TALLAHASSEE — The governor who gave his final State of the State speech Tuesday night was remarkably different from the man who delivered his first formal address just three years ago.
In 2007, Charlie Crist was heralded as the new breed of Republican, surviving the Democratic wave of 2006 and talking about putting people before partisanship. He kicked off his opening session by calling for paper trails for voting machines and higher pay for strong teachers and invoking Robert F. Kennedy. Democrats clapped louder than fellow Republicans.
"Isn't it wonderful to have a governor saying Democratic things?'' Democratic Chief Financial Officer Alex Sink said at the time.
But the seeds of Crist's current troubles were planted in that speech. Eschewing ideologues and touting post-partisanship worked great in 2007. Today, in a Republican primary, it looks like poison.
The man addressing the Legislature on Tuesday night is no longer a national model for Republican success, but rather a national model for endangered Republicans. He is a Republican Senate candidate fighting for his political life and he sounded less like Mr. Nice Guy than a combative and unapologetic candidate determined to cast frontrunner Marco Rubio as small and petty.
"Our practical solutions will serve only to inflame extremists. Take heart, knowing that it is we problem-solvers — and not they — who will move our Florida forward,'' said Crist in a barely disguised swat at Rubio, who has relentlessly criticized Crist for endorsing the $787 billion federal stimulus package. "We must accept being in the arena means enduring hecklers in the cheap seats where conviction abounds."
Rubio is leading Crist by double digits in recent polls, and many observers think it's already too late for Crist to claw his way back. But the 60-day legislative session offers the governor what may be his best and last opportunity to win over the large swath of primary voters who have yet to tune into the contest and know next to nothing about Rubio, the former state House speaker from Miami.
Amid dire economic conditions in Florida, the white-haired governor has the opportunity to show himself as the mature, purposeful leader, against a 38-year-old upstart ideologue trying to score political points.
"While there is great virtue in being true to your principles, conviction must be tempered with practicality and pragmatism,'' said Crist, one of many statements sure to feed speculation that Crist is considering running for the Senate as an independent instead of Republican.
The governor has happily left the heavy lifting to legislators in prior sessions, but this year he can't afford to look disengaged.
"He needs to be strong and should be very aggressive and very visible during the session advocating his agenda,'' said Republican former legislator Curt Kiser, a Crist supporter.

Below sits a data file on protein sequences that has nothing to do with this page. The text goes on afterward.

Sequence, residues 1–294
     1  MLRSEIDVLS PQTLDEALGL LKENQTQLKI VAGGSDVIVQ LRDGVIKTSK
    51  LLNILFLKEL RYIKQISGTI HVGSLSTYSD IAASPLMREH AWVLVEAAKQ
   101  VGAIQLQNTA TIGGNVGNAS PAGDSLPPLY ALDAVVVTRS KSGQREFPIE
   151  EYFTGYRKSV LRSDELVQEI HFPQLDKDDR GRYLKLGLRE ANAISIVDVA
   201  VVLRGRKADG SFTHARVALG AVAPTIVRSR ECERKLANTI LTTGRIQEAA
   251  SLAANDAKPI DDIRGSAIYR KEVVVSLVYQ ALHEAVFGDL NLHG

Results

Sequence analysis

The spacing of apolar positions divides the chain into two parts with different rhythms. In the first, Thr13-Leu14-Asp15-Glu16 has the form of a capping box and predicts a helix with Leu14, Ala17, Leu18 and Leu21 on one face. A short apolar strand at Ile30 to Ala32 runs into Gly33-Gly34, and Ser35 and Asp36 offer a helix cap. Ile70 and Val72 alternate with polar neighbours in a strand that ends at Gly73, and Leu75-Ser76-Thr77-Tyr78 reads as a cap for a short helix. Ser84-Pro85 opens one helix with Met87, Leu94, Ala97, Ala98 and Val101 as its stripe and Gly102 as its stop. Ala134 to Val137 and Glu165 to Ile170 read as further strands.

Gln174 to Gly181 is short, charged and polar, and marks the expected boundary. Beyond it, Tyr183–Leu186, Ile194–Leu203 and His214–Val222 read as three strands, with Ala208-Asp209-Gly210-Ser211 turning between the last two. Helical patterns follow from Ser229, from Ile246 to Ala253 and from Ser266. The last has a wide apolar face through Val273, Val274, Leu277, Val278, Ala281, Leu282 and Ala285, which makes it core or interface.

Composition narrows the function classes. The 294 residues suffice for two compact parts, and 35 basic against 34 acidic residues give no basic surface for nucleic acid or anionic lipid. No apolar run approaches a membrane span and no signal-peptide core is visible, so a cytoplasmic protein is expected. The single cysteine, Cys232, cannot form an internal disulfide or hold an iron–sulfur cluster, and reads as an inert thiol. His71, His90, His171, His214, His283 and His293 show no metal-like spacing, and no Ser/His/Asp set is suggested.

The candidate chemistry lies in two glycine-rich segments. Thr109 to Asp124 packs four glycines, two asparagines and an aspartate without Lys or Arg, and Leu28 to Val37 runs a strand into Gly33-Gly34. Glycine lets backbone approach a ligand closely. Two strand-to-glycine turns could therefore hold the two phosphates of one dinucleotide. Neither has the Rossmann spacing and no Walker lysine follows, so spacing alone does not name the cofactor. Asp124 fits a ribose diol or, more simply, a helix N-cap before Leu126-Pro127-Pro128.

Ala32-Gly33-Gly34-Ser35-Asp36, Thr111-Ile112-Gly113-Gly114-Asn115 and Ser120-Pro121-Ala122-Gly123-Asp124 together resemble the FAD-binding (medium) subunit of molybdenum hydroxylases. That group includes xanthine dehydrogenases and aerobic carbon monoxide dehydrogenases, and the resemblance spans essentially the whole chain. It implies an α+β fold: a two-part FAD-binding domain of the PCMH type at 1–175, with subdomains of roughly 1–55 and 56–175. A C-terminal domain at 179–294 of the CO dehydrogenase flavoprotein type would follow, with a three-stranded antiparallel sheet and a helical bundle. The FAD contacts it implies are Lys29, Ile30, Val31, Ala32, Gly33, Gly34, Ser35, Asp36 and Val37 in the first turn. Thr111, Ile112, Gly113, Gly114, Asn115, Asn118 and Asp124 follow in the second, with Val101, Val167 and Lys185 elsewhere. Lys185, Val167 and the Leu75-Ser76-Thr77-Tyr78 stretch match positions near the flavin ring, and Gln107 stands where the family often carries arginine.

It doesn't help that Crist submitted a budget proposal built heavily on hundreds of millions of dollars from a gaming compact that lawmakers have not approved.
Senate President Jeff Atwater never mentioned the governor in his opening remarks, while House Speaker Larry Cretul took a clear swipe at Crist's budget plans:
"We will balance our budget with the dollars we have . . . not ones that may possibly arrive at some point in the future," Cretul said. "Now if those dollars do come to us, then we will put them to use. But we won't base our budget on a wink and a prayer."
For a governor whose trademark is showering everyone with kindness, it's striking how many Republican colleagues are quietly rooting for Crist's downfall. Virtually every Republican legislator voted last year for a budget propped up by more than $5 billion in stimulus money, but Tuesday they coolly sat on their hands as Crist spoke of how much that money helped Florida.
"Anything that Charlie Crist says and anything that Charlie Crist does now that he is a candidate for the U.S. Senate is going to be viewed through the lens of politics and is going to be judged by the Legislature and going to be judged by the voters of Florida accordingly,'' said House Majority Leader Adam Hasner, R-Boca Raton. "The governor made the affirmative decision not to run for re-election so although there was talk about steering the ship through difficult times, we're going to continue to face difficult times beyond this year."
Crist stressed Tuesday night that he has no regrets about his first three years in office. That may be true, but it's likely his fourth year as governor will be the toughest of his entire political career.
Miami Herald staff writer Beth Reinhard contributed to this report. Adam Smith can be reached at email@example.com.